Energy & Environment

Environmental degradation is endangering our planet and threatens biodiversity around the world. This devastation is caused by the overproduction of carbon dioxide from fossil fuels, and methane from the agricultural industry, exacerbating the effects of climate change. The Energy and Environment Policy Centre will devote this academic year to exploring two key policy issues critical for the protection of Earth: the impact of the US abandoning the Paris Climate Change Agreement and the future of UK farming outside of the European Union’s Common Agricultural Policy (CAP).

During the first semester, the Energy and Environment Policy Centre will concentrate on the impact of President Donald Trump’s administration leaving the Paris Climate Change Agreement. This accord is the most comprehensive climate change agreement ever completed; 195 countries have now signed it. Member countries have promised to ensure that global average temperatures do not exceed 2°C above pre-industrial levels and will be limited to 1.5°C. The USA promised to decrease its greenhouse emissions by 28% by 2025 however, this prospect is unlikely under the new White House regime. The Energy and Environment Policy Centre will focus on the effects of the decision taken by the Trump administration to leave the Paris Agreement and the impact on the global community’s efforts to combat climate change.

During the second semester we will focus on the UK’s future farming policies outside of the CAP. The CAP provides funding for 12 million farmers in Europe, including the UK (the UK received £2.4 billion in 2015). Due to Brexit, the UK is reformulating policy substitutes for the CAP. A key part of the CAP is farming subsidies, which reward landowners based on the size of their landholdings and environmentally-friendly practices. Once Brexit is completed, the UK government could improve these caveats through similar subsidies to ensure productivity, a fair living wage for agricultural labourers, and to increase the protection of the UK’s natural environment. As the UK Secretary of State for Environment, Food and Affairs maintains, this is “a once-in-a-lifetime opportunity to reform how [the UK] cares for [its] land.”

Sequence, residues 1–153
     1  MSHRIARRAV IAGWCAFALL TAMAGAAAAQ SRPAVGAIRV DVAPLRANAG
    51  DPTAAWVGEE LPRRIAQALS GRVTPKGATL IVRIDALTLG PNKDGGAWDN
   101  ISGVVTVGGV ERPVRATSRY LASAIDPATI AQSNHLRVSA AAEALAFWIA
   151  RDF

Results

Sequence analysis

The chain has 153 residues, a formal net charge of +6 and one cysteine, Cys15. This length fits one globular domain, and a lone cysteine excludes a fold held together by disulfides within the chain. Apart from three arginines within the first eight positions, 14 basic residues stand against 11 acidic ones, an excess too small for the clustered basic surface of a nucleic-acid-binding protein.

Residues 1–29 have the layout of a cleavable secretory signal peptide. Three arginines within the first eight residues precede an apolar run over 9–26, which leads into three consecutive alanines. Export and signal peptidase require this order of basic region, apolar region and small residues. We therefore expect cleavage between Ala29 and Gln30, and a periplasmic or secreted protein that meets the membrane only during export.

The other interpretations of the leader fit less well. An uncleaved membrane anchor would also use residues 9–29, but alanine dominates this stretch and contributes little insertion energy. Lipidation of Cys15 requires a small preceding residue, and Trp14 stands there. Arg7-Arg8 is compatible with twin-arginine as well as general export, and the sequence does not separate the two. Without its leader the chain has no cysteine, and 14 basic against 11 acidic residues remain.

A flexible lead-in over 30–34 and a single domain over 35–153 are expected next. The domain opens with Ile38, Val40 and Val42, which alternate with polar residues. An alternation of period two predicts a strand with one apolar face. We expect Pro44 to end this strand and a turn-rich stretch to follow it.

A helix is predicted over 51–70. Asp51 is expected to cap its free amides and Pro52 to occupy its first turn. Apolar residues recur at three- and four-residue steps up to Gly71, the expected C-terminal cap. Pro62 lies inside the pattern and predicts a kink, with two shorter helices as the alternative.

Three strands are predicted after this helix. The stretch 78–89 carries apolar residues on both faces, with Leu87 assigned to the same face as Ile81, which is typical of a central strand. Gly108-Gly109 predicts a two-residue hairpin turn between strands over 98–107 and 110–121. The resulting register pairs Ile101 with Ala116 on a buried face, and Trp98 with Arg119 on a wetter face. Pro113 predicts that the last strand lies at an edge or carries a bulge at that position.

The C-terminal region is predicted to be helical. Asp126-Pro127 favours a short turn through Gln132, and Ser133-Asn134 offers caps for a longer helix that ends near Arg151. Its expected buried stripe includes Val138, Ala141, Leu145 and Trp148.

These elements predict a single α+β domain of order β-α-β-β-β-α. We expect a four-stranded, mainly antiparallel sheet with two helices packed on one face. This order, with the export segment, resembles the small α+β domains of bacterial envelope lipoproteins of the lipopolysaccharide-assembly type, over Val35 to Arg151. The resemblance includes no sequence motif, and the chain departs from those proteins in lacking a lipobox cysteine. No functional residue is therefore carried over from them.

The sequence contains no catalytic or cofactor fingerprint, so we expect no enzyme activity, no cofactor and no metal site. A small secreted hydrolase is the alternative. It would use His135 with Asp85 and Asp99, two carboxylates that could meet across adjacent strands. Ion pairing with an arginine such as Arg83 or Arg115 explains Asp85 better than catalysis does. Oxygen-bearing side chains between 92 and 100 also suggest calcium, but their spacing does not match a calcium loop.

The Energy and Environment Policy Centre aims to critically analyse the legacy of the Paris Agreement without the USA and propose solutions for UK agricultural policy. Anyone interested will be able to partake in these thrilling topics through events posted on our website and Facebook page. You also have the opportunity to write for us and have your ideas published.

The Energy and Environment Policy Centre team looks forward to your participation in the Think Tank and ensure we can make the world a better place. Do not hesitate to contact us at pcpresidents@kingsthinktank.org.

Emma-Jane Behrens
Energy and Environment Policy Centre President